The Ukrainian Parliament approves a draft law on mobilization to increase the number of troops News of the Russian-Ukrainian war

The general told parliament that Russian forces outnumber Kiev's soldiers by up to 10 times on battlefields in the east.

Ukraine's parliament has passed a bill to reform how the military recruits civilians in a bid to boost the number of its soldiers more than two years after Russia's large-scale invasion.

The bill, which dropped a set of tough penalties for evading military service that had sparked public outrage, was supported by the armed forces.

Before the bill was passed on Thursday, a general told parliament that Russia had up to 10 times as many soldiers as Ukraine on battlefields in the east.

General Yuri Sudol told lawmakers: “Pass this law and the Ukrainian armed forces will not let you or the Ukrainian people down.”

“We are maintaining our defenses with the last of our strength,” he said as lawmakers stood and praised more than a dozen leaders who attended the session.

Military analysts said the Ukrainian armed forces needed to address severe manpower and artillery shortages as better-equipped Russian forces made advances in the east.

“The enemy outnumbers us by seven to ten times. We lack manpower,” said Sudol, who commands Ukrainian forces in the Kharkiv, Donetsk and Luhansk regions in eastern Ukraine.

Jaroslav Zeleznyak, a lawmaker from the Holos party, wrote on the messaging app Telegram that the bill was approved by 283 votes in the 450-member parliament.

The bill still needs President Volodymyr Zelensky's signature before it becomes law.

Ukrainian soldiers from the 71st Jaeger Brigade fire from an M101 howitzer towards Russian positions on the front line near Avdiivka in the Donetsk region of eastern Ukraine. [File: Efrem Lukatsky/AP Photo]

Penalties for draft evasion have been removed

The legislation is intended to give the military a better indication of how many people it can call in and where they are located.

See also  Ukraine evacuates civilians from besieged Sumy, but millions remain trapped by fighting with Russia

The bill gives Ukrainian men 60 days to update their personal data with military authorities. Until now, drafting offices have had to rely on incomplete and sometimes outdated data.

It also removes a set of far-reaching penalties for draft evasion that were proposed in an earlier draft, sparking outrage. There were thousands of cases of evasion of military service during the war.

The bill also abolished a previous provision on demobilizing soldiers who had been fighting for 36 months, meaning wartime military service remains open.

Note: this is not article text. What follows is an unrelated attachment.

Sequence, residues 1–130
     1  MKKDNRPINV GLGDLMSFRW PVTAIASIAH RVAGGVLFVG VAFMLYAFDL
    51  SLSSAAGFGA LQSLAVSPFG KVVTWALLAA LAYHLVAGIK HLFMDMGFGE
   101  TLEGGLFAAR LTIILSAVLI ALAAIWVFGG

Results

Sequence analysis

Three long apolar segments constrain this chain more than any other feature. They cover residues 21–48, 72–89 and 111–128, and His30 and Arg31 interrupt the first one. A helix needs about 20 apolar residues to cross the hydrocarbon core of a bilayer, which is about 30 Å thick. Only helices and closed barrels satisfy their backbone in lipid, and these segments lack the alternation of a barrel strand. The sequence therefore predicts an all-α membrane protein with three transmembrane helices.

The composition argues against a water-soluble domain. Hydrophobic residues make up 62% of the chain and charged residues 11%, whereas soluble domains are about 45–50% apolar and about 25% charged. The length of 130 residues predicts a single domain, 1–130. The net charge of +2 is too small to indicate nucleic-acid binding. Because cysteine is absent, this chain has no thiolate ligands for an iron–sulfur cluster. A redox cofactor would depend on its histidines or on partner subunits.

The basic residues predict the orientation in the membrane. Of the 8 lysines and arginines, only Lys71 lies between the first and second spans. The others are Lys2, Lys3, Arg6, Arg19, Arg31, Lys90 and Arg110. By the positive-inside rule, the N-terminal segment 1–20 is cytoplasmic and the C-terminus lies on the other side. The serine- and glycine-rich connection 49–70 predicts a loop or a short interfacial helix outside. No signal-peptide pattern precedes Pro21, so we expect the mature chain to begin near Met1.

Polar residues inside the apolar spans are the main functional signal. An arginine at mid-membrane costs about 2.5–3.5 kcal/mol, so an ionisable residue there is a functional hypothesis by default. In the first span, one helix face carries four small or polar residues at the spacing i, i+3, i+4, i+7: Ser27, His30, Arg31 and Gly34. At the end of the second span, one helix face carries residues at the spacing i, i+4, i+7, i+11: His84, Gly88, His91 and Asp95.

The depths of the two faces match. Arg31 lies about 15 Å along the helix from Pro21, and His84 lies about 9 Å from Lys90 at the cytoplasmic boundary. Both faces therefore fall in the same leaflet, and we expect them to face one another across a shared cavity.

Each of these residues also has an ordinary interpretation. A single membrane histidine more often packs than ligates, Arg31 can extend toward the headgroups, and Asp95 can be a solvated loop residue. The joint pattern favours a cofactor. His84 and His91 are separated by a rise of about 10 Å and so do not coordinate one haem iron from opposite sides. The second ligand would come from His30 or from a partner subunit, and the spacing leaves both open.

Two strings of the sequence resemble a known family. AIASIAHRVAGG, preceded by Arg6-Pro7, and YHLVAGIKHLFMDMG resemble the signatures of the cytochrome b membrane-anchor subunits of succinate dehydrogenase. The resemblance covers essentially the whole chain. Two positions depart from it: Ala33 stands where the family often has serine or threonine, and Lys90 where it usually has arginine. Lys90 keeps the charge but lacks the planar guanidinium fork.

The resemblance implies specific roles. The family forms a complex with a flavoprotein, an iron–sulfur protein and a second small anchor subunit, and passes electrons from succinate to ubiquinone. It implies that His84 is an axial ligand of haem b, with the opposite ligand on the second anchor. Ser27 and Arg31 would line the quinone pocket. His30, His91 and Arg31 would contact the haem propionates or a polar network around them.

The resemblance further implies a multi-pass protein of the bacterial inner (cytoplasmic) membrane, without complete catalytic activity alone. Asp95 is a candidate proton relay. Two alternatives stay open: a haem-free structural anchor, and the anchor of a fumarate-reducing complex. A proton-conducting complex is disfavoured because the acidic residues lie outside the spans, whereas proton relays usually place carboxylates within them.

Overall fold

Representative Oleksandr Fedenko said that passing the bill would send “a message to our partners that we are ready to regain our lands and we need weapons.” Ukraine faces a slowdown in Western military aid.

Ukrainian President Volodymyr Zelensky inspects fortifications in the Kharkiv region.  He is walking in the mud with other officials.  The landscape is brown and there are trees behind it.
Ukrainian President Volodymyr Zelensky, second from right, visits a defensive line construction site in the Kharkiv region [Ukrainian presidential press service/Handout via AFP]

Maxim Gorin, deputy commander of Ukraine's 3rd Assault Brigade, said the law would not lead to “miracles” on the battlefield. “This will undoubtedly bring more order and methodology in general to the issue of mobilization,” he said on television, adding that it would not solve all the problems.

He added: “Personally, I will make it more stringent, and I will also continue to lower the conscription age.”

Last week, Zelensky signed separate legislation into law to lower the conscription age from 27 to 25. Parliament is considering another bill to allow convicts serving suspended sentences to fight in the army. Representative Mariana Pezuhla criticized the bill on Facebook, saying: “They made it as watered down and confusing as possible, and months were wasted.”

Parliament took several months to put the latest bill to a final vote this week, with politicians accusing each other of poorly drafted amendments and lacking the political will to approve the unpopular changes.

See also  A Norwegian cruise ship ran aground in the Dominican Republic

More than 4,000 amendments were submitted after the first reading in February. MPs rejected most of the amendments and significantly watered down initial proposals on penalties for those trying to evade the project.

Leave a Reply

Your email address will not be published. Required fields are marked *